Eye Heart Productions brings its second offering to the local theatre scene with Robert Aquirre-Sacasa’s Good Boys and True at the Firehall Arts Centre through September 19th. And while there are some great performances and playwright Aquirre-Sacasa provides us with all the elements for a great scandal, where the show fails to deliver is in delivering a deeper exploration of class, entitlement and any real lessons in morality.
Brandon Hardy (Alex Coulombe), St. Joesph’s prep school jock and all-around-nice-guy, is caught on tape brutally having sex. Trying to keep it “off the radar” and shield Brandon in a misguided good-old-boys mentality, Coach Shea (Greg Bishop) brings the tape to the attention of Brandon’s mother, Elizabeth (Teryl Rothery). At first denying it was him, after all his face is not clearly seen on the video, Elizabeth’s determination to reveal the truth because of her own past transgression, finally forces her from her protective instincts.
Playwright Aquirre-Sacasa focuses primarily on the relationship between mother and son and ultimately how little she really knows about Brandon. While Rothery ably manages her portrayal of a mother trying to deal with the unimaginable, the touchy-feely relationship that Director Jeff Hyslop has given her and Coulombe lacked that tinge of falseness that would have emphasized just how little the mother really does know.
Where the show really shined though is in the relationship between Brandon and gay classmate Justin (Taylor Bishop). Bishop so superbly embodied his character in an early sexually powered bedroom scene that it laid great groundwork for the ultimate rejection that he was to face. Equally as powerful was Cheryl Moody (Claire Robertson), the young girl that seen in the video with Brandon. Robertson does a terrific job as the girl from the “other side of the tracks” bringing a real diversity to her character in both a flashback of that first fateful interaction with Brandon and when she is finally confronted by Elizabeth.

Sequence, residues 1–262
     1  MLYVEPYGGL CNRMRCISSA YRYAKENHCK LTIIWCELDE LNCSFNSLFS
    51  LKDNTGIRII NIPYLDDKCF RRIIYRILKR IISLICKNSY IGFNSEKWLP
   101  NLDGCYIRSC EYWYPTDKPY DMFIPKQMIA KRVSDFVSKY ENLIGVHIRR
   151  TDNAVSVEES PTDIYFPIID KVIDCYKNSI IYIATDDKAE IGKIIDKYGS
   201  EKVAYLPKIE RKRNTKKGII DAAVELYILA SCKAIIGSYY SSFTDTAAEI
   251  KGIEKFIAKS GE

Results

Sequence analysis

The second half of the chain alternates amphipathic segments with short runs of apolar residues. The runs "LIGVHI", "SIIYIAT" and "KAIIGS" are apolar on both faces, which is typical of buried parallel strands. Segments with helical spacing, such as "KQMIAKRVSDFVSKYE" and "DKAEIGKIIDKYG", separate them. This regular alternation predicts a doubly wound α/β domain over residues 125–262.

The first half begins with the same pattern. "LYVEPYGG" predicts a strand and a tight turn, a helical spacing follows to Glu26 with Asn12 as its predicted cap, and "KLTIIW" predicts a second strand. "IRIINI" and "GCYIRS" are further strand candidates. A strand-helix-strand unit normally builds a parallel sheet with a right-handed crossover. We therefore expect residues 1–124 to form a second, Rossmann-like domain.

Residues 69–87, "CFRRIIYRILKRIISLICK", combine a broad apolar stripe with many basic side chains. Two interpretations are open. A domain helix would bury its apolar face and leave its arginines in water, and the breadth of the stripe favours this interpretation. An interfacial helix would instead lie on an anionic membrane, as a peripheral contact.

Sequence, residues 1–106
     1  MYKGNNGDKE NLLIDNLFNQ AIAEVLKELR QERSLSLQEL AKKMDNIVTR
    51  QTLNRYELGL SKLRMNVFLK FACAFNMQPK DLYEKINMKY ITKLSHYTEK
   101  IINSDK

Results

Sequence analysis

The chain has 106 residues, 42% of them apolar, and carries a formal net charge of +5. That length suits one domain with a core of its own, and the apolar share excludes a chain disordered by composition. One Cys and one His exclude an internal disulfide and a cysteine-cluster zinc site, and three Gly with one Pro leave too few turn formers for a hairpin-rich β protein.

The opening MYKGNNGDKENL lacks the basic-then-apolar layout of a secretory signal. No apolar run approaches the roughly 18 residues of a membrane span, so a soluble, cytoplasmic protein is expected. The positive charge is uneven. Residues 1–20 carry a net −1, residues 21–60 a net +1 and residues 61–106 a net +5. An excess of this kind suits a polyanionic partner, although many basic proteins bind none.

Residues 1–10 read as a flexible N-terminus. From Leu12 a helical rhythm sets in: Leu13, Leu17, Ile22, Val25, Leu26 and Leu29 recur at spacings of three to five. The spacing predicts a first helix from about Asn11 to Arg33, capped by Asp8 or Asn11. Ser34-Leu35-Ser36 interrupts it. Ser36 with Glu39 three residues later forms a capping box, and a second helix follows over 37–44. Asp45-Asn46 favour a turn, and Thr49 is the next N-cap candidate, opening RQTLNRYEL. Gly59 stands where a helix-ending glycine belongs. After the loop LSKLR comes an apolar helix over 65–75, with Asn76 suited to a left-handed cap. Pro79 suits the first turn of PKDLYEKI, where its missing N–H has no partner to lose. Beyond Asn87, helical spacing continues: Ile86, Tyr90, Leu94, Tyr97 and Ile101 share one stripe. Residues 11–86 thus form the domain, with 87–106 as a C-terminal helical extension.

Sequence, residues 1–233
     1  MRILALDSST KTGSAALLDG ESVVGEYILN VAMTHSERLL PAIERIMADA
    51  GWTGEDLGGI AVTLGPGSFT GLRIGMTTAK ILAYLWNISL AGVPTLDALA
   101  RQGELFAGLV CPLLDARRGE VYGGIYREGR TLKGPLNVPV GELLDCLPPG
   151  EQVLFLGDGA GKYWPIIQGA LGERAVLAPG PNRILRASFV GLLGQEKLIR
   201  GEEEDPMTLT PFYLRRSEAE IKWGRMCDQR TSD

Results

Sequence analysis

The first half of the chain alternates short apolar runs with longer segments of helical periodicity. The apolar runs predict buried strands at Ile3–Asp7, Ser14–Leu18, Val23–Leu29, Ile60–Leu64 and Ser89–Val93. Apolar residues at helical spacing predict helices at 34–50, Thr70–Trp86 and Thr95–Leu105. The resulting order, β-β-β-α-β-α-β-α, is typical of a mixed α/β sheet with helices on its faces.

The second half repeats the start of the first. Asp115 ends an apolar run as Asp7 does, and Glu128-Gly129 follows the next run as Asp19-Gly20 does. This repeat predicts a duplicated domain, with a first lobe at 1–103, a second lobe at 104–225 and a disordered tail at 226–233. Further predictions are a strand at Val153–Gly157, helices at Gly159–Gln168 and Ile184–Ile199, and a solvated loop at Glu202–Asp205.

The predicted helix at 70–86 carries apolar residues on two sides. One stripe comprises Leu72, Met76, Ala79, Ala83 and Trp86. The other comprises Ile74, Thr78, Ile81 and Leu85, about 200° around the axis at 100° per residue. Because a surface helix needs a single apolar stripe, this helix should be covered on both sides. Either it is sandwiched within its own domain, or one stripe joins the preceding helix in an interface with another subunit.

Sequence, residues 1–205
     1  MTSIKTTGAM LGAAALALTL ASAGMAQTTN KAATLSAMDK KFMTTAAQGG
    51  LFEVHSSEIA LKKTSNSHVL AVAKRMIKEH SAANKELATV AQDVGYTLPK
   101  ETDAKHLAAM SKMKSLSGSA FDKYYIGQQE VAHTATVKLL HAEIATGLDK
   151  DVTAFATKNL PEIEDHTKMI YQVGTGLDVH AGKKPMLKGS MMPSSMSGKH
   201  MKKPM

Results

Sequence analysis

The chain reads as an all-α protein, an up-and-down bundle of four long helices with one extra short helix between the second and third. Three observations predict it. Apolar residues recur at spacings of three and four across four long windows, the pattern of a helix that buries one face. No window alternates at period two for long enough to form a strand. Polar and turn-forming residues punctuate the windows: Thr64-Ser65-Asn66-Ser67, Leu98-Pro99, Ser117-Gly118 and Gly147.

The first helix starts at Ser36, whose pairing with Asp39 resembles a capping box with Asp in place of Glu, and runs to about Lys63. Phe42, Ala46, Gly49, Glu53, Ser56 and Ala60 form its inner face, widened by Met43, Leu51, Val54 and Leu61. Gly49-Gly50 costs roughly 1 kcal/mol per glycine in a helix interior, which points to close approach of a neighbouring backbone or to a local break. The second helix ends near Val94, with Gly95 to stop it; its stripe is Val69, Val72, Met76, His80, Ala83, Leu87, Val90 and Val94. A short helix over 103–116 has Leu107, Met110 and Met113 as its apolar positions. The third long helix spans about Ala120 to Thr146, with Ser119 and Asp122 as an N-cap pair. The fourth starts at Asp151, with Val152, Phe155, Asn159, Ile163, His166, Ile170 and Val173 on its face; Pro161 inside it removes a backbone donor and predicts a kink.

There did appear to be some lighting issues during opening night and we are hopeful that these can be worked out as they become a bit of a distraction; this was particularly true at the end of a number of scenes where the actors are left hanging waiting for the lights to go out. And while I appreciated the use of the 80s music in scene transitions I did wonder why it was done so inconsistently (and the fact that I noticed this bothered me).
While still entertaining, and with great performances from Bishop and Robertson, Good Boys and True fell a little flat without a more in-depth look at some of its more meaningful themes.
Good Boys and True
Continues until Sept 19, 2009
Firehall Arts Centre (280 E Cordova Street)
Monday to Saturday at 8pm with matinees on Saturdays at 2pm
Tickets $24-$29.50 and are available through the Firehall Box Office at 604.689-0926 or online at www.eyeheartproductions.com.